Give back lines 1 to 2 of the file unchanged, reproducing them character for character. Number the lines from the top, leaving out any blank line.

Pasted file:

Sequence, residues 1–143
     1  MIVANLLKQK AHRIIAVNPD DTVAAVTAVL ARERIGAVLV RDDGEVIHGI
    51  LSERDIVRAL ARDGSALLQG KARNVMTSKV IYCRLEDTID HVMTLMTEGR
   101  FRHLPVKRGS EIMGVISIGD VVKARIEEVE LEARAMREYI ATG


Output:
Sequence, residues 1–143
     1  MIVANLLKQK AHRIIAVNPD DTVAAVTAVL ARERIGAVLV RDDGEVIHGI